In an America struggling in a very public way these days with how women are depicted and treated, and the election of the first female President of the United States a very real possibility, the October 28 debut of Good Girls Revolt on Amazon has timeliness written all over it — both in a good and not-so-good way. But it’s definitely worth watching.

Deadline Review Badge Dominic Patten

Good Girls Revolt is based on former Newsweek editor Lynn Povich’s 2012 book about a 1970 sexual discrimination class-action lawsuit against the weekly newsmagazine, in which almost 50 women successfully fought for the right to write. Editor is a term worth considering here, as the 10-episode first season could certainly do with more of one and a lot more focus.

As I say in my video review above, the series executive produced by Dana Calvo, Lynda Obst and Darlene Hunt often gets tangled in its own best intentions and multi-directional storylines. And that’s really a shame because at its core this look at the fictional News Of The World magazine and the female researchers who do most of the reporting but aren’t allowed to be reporters is a strong workplace tale. It also shines a spotlight on a time and place that many women may not think is so far off, and displays how change comes in America – and its not through good intentions or sitting there quietly.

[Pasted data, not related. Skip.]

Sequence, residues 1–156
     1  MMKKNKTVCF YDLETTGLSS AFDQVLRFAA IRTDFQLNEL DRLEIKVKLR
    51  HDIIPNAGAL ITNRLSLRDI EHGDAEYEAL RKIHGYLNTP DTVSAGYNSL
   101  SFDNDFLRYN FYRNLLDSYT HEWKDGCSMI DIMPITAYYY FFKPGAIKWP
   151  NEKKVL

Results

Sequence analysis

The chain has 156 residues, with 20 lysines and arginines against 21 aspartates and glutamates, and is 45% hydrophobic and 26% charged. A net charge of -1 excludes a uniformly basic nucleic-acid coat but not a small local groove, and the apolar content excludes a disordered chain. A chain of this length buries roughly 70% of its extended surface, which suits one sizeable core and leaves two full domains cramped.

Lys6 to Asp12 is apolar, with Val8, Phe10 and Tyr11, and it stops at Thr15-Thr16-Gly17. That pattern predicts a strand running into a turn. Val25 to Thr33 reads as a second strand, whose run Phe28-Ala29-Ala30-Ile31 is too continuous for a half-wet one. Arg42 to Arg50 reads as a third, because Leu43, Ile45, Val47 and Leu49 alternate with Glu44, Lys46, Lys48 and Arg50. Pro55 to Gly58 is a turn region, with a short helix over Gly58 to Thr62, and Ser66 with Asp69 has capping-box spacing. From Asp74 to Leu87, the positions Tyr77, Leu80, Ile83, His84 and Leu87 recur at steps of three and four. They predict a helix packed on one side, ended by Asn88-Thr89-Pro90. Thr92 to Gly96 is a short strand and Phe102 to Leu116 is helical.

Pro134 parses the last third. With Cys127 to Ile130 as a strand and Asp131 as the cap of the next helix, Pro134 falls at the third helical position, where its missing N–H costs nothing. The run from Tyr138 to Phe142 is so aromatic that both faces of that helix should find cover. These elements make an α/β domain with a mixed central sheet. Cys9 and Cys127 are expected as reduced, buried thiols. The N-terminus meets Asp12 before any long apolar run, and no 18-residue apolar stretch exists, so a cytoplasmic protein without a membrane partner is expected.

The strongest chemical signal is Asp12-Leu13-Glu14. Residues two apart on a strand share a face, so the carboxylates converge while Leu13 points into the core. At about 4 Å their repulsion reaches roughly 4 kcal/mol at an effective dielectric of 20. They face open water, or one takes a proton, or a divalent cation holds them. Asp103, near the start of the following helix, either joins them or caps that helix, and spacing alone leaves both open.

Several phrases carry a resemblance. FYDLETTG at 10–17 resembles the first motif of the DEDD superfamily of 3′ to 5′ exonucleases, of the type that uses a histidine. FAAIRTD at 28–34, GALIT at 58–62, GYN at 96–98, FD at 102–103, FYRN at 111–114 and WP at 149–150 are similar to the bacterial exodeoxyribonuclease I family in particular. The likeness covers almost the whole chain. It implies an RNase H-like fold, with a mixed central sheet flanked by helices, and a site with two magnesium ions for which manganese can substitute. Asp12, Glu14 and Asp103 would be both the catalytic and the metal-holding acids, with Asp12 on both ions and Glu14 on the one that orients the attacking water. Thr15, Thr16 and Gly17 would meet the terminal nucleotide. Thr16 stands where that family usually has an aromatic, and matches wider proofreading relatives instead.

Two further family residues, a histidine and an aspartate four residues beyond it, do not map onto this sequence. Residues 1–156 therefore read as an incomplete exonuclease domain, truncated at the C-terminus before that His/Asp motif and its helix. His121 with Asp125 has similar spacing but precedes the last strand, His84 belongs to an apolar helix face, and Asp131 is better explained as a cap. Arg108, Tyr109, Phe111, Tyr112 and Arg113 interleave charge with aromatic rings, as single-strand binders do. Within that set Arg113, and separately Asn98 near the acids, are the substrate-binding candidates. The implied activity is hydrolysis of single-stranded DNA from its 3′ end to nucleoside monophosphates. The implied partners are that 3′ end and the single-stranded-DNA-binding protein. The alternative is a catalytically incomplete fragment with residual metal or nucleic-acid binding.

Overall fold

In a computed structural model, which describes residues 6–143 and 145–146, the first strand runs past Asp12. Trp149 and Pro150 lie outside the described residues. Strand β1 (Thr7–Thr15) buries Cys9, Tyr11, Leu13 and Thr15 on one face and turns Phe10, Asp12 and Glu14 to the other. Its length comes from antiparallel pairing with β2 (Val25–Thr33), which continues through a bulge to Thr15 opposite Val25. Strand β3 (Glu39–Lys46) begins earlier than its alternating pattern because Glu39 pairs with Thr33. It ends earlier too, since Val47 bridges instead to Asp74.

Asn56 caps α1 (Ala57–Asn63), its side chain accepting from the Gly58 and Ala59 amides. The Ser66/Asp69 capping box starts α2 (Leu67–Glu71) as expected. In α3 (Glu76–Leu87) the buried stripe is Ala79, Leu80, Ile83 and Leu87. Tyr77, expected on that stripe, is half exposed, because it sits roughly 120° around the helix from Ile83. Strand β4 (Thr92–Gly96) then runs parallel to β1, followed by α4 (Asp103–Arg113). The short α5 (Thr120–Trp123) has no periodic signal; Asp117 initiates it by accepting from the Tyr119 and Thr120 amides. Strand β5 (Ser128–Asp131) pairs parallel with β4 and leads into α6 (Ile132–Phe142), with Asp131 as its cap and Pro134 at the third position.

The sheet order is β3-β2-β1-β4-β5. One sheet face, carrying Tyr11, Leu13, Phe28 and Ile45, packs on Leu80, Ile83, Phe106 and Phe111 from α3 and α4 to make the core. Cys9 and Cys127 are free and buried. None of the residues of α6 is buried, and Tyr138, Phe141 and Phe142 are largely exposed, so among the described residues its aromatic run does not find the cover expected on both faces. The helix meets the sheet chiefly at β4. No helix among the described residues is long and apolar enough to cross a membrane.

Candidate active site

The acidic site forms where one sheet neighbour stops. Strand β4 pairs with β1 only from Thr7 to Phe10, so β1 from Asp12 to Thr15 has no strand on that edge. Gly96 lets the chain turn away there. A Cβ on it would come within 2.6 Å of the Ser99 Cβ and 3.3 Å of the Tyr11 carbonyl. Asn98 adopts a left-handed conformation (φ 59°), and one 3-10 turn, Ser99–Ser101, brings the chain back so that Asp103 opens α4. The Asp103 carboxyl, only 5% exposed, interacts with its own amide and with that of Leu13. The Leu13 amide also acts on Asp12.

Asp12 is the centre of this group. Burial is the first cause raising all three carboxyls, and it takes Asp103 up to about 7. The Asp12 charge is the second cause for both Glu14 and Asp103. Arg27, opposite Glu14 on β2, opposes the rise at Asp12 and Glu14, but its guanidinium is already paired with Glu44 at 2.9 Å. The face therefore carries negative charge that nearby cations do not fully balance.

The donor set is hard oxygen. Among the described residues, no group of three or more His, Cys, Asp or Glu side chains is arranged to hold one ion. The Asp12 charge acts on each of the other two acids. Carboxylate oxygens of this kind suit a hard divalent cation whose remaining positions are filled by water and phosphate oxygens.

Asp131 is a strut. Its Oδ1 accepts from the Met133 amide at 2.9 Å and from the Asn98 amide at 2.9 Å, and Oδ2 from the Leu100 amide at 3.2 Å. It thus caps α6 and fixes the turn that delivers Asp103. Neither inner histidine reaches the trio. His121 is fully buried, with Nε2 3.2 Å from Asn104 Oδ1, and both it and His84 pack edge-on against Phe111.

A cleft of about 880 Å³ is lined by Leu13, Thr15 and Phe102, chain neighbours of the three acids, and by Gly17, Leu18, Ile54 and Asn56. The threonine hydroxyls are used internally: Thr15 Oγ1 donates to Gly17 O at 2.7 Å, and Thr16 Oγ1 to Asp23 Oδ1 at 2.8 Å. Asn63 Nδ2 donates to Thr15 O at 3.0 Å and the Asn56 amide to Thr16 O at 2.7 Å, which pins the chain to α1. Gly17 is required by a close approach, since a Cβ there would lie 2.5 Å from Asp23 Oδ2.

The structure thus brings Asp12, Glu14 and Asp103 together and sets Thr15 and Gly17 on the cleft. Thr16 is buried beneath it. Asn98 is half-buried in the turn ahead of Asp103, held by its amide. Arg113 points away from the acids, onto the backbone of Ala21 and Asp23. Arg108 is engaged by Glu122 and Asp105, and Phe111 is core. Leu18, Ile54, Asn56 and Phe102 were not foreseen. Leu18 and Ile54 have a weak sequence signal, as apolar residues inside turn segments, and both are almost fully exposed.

The tenacious performances by Genevieve Angelson, Anna Camp and Erin Darke as a trio of very different women who come to see the injustice to which they are being subjected, and who use the law of the land to challenge that discrimination, are what fuel the best of Good Girls Revolt. In that sense, and with such varied leads, it is also fitting that the now-deceased Nora Ephron, played by Grace Gummer, is a character here too. Fitting because that striving for justice in the series is the same propellant found in the Ephron-written 1983 movie Silkwood, which also was based on real events and which earned her an Oscar nomination.

Take a look at my video review for more of my take on the series and why, despite its flaws, it is so pertinent today. Tell us what you think and whether you’ll be watching this weekend.